I know a lot of teachers would probably be familiar with that and it’s about Alex who’s desperate to adopt his friend’s baby Iguana and there’s a cute exchange of notes between Alex and his mum. Um, and they both use persuasive language to support their side of the argument. Um, and I really liked this one because it has right sides of the argument. So really, really cute story. Yeah, look, yeah, it’s real. It’s really cute.

There’s actually another one that goes with that I Wanna New Room. Ah. Um, and it’s got the same character Alex and I’m pretty sure he shares his bedroom with his brother and it’s all about why he should have his own bedroom and it’s a sort of a persuasive piece about Mmm, why he should have his own room cause he’s a little brother’s annoying and disrupts his homework and all that sort of stuff. So that’s another key one. That’s great.

Okay, well what’s next up on the list of books?

Holly: Everyone should go and check the blog out cause I’m not going to go over all 10 but they’re so good. Um, the other one is Don’t Let the Pigeon Drive the Bus. Um, which is super cute. I’m sure a lot of a lot of teachers would know this one. The readers, are given instructions, don’t let the pigeon drive the bus and then the cheeky little pigeon, it’s very persuasive about why he should be able to drive.

Bron: It’s really easy to do some beautiful supporting visual arts activities with that book because the illustrations are so simple and kids can draw that pigeon so easily. And then, you know, caption him or make some little persuasive speech bubbles for him of their own or whatever. It’s, I love that one. It’s really great.

Holly: Yeah, there’s, and that’s the thing with these books is that there’s so many different directions that you can take it after you’ve read it. Like you’re not just going to read it once, you’re going to use it in so many different elements of your teaching, of persuasive writing, but also art and you know, all, all sorts of subjects. Yeah.

The last one, gosh Bron, I can’t, okay. The last one I’m going to pick is What Pet Should I Get by Dr Seuss. I mean, you can’t, you can’t go wrong with Dr Suess, but it’s a great story book that leads to a discussion with your class about what the characters in the book should get. You know, they’ve got cute, the cute rhymes, catchy phrases, and the story follows Jay and Kay in their attempts to buy a pet. So what, which pet should they get and that sort of where the kids can come into it and talk about what they think.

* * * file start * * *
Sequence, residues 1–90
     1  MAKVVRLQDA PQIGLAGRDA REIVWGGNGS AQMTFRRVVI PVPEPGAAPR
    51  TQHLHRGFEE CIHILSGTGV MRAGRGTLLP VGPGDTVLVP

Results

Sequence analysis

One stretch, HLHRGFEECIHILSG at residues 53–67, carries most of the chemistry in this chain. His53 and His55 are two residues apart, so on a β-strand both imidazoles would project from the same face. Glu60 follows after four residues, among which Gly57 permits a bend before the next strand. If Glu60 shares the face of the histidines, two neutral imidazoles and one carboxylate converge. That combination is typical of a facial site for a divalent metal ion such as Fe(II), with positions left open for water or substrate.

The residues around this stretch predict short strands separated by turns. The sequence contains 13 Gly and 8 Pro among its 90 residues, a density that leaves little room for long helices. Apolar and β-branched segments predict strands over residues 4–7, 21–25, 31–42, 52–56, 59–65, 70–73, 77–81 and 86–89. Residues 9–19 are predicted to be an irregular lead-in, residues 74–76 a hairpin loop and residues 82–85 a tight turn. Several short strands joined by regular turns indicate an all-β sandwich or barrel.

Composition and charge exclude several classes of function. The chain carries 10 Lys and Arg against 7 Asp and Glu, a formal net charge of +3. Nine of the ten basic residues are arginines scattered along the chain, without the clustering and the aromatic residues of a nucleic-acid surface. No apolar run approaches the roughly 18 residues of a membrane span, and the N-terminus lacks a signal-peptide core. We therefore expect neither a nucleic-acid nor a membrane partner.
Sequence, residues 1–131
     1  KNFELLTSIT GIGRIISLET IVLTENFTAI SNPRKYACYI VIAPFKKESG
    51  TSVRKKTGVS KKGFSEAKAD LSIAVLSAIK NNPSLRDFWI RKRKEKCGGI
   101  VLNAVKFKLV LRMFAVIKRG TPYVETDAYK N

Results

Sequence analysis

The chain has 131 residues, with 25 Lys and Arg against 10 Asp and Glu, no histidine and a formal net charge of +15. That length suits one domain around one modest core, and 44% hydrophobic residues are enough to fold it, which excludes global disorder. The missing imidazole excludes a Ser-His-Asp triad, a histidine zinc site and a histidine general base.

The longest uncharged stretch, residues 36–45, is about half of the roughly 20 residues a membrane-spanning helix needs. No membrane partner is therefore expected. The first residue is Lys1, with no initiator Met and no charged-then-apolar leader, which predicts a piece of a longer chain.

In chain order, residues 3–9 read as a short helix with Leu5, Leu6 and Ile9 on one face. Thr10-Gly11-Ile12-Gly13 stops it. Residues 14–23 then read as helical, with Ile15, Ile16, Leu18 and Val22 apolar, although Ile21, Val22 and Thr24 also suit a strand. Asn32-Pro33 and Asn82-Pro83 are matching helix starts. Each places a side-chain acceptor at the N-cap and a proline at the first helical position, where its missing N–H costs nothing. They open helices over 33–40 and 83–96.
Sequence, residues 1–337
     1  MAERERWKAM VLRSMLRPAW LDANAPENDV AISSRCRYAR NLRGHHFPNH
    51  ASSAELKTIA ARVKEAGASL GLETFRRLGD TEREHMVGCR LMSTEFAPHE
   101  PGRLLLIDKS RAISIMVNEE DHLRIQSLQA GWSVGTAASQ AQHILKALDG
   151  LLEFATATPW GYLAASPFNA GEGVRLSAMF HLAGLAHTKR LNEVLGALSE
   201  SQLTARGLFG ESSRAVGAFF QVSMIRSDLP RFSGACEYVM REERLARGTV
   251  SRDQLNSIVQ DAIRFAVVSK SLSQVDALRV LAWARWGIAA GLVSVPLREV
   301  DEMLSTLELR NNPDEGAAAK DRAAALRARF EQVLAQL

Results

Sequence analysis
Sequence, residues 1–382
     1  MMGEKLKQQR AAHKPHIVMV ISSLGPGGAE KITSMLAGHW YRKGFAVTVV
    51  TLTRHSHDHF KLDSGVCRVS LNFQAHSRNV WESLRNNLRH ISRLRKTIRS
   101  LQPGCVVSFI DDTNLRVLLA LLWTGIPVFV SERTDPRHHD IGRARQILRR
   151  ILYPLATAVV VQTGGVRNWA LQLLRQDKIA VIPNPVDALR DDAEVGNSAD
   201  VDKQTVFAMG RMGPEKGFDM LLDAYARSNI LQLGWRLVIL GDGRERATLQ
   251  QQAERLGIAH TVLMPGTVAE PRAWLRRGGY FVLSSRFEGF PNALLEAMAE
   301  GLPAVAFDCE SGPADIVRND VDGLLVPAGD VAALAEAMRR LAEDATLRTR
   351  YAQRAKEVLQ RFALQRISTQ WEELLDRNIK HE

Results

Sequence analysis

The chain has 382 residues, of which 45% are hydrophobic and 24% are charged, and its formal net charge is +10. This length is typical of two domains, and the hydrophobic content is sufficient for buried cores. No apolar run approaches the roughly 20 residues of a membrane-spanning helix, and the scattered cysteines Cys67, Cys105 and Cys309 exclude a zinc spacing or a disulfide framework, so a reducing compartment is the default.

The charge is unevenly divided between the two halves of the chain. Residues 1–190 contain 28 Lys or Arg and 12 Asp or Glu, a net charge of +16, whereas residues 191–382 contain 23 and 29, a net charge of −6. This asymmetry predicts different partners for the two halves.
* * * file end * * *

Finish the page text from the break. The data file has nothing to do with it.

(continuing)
Bron: I love that. That’s a classic. Absolutely. So I love those great examples. And I know teachers also love to share their ideas too, of the books that they use. So if you are looking for any more books to stock up on your bookshelf during our persuasive unit, check out Holly’s blog where you’ll find heaps more suggestions. So there’s 10 in total on the blog plus other teachers have added in the comments.

So what should we search for on TeachStarter.com Holly to come across that blog?

Holly: So it’s called 10 Children’s Books for Teaching Persuasive Writing. So, but I’m sure like, you know, if you search persuasive writing on the website, you’ll click on the collection and all the blogs and resources that are available there as well.

Bron: Yeah, there’s so much up there, so definitely do check that out. All right, so next steps in the process of teaching persuasive writing, you’ve scaffold with the structure and then you’ve explored persuasive language with your students and looked at models or examples in literature.

Where do you go next with teaching persuasive writing?

Holly: Of course you need to make sure that you’re obviously see how your students are progressing with it. You might have to go over the structure sort of almost every week or every lesson a little bit. It’s just important to revise it again and again. But we’ve got a few really great lower years resources that might help with the next steps.